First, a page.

Thursday, July 15, 2010

Roommates - Process Analysis

Saying that I HATE process analysis might be a little unfair. I definitely don't love it, though.

My professor is decidedly against using research in our papers (as he doesn't want to grade MLA citations until he has to, as far as I can tell), so picking a topic meant that I needed to stay in the realm of the day-to-day. Bad roommates are, I think, a universal constant, but I decided that my experiences were only the tip of the iceberg. I turned to reddit for additional insight, and got some really interesting stories, though ultimately I decided to keep it mellow.



Reaching adulthood and striking out on your own can be at once intimidating and exhilarating. Leaving the nest -- so to speak -- is an important coming-of-age ritual and a vital part of the development process; this is especially true in a society, such as ours, that so highly values individual capability and independence. Making your own way in the world at such a young age can be difficult, though, and it can be hard to gain any footing on your own. It is precisely this reason that many -- indeed, most -- of us seek a companion to help us as we take our first steps away from home. Be it a friend, a lover, or a total stranger, we seek a roommate for the stability we need to succeed on our own. A roommate can, however, be as much a curse as a blessing; a good roommate will ease your financial burdens and provide quality company and support, while a bad roommate is fully capable of the opposite: destroying you financially, eroding your confidence in humanity, and causing immeasurable grief and anxiety. With so much at stake, it is imperative to know how to successfully detect a troublesome roommate before the situation escalates beyond control.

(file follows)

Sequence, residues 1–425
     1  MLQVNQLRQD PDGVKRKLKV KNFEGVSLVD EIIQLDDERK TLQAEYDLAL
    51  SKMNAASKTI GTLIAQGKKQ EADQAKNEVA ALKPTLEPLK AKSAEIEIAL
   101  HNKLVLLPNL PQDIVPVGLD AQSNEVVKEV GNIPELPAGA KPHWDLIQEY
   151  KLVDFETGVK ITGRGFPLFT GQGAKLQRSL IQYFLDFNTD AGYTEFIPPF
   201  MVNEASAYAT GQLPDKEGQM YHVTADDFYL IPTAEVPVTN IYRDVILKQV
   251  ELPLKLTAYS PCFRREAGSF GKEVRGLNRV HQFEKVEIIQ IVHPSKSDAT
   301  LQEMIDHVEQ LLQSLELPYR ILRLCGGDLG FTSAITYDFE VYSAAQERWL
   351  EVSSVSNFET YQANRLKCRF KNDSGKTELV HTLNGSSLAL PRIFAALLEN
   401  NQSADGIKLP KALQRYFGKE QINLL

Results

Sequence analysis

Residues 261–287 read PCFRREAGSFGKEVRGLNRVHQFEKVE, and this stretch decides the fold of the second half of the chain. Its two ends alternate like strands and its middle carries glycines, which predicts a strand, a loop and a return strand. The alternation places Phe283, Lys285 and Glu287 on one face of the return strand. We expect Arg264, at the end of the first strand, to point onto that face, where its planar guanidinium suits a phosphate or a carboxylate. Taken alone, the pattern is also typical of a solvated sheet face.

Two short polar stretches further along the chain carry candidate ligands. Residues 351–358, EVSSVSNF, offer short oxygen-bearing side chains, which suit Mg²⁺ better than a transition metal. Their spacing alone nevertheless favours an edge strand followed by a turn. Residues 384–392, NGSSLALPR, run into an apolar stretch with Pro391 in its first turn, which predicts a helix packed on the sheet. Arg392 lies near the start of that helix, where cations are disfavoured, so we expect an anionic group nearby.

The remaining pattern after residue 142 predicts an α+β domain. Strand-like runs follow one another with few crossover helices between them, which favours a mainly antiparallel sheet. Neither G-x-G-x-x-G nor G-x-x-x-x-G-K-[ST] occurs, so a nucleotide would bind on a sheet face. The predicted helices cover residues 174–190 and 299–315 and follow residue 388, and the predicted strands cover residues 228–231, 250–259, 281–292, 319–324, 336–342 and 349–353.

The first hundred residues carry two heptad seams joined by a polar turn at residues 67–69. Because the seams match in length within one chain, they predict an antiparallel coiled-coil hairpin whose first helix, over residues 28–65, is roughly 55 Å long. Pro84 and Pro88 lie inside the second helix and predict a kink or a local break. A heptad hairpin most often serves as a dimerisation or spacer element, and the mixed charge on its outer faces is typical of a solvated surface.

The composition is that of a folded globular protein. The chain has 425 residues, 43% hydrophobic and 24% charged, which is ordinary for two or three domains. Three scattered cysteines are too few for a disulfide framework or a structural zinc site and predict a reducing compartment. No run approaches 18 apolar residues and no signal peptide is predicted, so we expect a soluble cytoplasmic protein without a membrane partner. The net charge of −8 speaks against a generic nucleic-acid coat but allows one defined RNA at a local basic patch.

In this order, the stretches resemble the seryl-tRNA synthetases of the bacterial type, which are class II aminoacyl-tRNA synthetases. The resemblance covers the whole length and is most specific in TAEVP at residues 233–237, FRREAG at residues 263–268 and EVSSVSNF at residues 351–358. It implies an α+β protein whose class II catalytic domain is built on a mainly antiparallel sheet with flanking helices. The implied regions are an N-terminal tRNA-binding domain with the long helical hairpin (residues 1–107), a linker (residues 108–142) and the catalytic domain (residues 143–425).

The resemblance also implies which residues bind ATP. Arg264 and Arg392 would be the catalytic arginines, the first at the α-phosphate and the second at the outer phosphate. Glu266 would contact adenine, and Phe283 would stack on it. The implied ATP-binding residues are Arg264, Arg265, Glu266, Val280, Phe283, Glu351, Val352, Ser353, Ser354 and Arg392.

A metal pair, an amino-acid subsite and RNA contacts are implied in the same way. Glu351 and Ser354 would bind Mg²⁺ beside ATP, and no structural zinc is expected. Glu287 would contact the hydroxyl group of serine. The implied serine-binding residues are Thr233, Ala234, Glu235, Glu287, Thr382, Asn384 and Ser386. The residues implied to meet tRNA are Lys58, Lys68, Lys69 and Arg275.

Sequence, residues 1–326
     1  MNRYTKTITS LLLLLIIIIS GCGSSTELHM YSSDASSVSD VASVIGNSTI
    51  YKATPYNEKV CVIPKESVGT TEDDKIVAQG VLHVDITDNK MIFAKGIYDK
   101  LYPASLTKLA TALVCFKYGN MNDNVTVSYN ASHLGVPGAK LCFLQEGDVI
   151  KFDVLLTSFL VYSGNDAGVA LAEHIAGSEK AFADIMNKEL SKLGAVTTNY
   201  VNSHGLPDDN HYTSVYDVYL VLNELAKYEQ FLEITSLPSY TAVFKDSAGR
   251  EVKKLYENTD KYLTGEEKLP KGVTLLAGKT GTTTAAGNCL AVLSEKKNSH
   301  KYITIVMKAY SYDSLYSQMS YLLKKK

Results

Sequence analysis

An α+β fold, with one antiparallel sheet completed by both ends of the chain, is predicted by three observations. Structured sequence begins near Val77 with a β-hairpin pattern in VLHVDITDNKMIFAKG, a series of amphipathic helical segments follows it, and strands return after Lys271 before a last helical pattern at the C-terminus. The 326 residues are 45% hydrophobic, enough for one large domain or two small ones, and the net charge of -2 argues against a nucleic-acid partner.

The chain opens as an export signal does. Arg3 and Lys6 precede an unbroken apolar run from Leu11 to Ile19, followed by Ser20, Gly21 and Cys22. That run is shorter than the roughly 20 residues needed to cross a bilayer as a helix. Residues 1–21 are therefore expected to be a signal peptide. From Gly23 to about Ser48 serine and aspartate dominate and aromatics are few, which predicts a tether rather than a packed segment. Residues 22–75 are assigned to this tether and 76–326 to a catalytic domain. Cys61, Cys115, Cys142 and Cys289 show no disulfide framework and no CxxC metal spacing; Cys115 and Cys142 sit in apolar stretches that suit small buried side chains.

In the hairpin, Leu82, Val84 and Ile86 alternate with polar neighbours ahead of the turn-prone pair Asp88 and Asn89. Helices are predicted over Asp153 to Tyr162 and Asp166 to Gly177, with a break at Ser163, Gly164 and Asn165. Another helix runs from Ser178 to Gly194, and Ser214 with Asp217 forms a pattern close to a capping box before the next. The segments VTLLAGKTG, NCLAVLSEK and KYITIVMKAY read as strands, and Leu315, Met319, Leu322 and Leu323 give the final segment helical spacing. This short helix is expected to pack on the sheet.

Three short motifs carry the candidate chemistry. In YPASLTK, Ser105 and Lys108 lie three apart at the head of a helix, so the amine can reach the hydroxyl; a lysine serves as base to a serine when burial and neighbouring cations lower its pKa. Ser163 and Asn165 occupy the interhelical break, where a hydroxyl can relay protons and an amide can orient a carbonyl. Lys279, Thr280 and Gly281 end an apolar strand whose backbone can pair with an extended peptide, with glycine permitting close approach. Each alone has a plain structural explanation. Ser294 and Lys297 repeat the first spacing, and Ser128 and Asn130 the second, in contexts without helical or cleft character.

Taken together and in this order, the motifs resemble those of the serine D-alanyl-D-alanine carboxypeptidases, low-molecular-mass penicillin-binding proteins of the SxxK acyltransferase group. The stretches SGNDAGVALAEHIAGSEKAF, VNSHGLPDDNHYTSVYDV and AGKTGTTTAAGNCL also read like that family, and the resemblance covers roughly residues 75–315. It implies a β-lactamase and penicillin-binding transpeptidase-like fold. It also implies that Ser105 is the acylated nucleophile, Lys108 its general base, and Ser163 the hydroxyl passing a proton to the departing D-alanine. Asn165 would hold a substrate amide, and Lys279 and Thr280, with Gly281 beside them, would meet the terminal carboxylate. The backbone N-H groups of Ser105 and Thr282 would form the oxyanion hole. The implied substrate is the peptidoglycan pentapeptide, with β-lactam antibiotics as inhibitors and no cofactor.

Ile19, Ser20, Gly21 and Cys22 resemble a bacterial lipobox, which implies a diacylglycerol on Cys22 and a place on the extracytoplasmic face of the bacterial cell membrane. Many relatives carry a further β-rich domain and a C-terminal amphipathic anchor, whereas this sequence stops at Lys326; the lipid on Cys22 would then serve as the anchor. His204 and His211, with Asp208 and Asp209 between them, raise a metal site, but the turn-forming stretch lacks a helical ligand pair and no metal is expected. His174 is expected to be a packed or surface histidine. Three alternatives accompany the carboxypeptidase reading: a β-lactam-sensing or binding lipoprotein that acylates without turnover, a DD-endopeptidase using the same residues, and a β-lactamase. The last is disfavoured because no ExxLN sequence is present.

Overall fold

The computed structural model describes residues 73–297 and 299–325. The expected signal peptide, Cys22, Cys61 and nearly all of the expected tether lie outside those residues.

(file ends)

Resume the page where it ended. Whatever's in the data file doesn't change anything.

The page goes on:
While you should never judge a book by its cover, first impressions are crucial to filtering out the good from the bad. Every single day we rely on our first impressions to help us make critical decisions about many aspects of life. Our subconscious is adept at recognizing a huge number of factors that help us form a preliminary judgment which, while sometimes inaccurate and rarely complete, should not be ignored. When meeting a potential roommate for the first time, it is important to be aware of our first impressions and to take them into account when evaluating whether the person will be a good fit. Both parties should treat the meeting as a job interview: pay close attention to the entire presentation, taking stock of his or her attire, manner of speech, and any issues that the person presents as a priority. Beware of anything about your prospective roommates that could pose a potential problem, such as their reasons for looking for new lodging, their attitudes towards partying, their employment status, and even the specific jobs they work. It may seem cruel to simply follow our instinct in passing judgment -- and it can be difficult to say no to someone in need who is in a similar situation -- but being aware of these initial red flags can allow you to prevent a bad situation from ever occurring.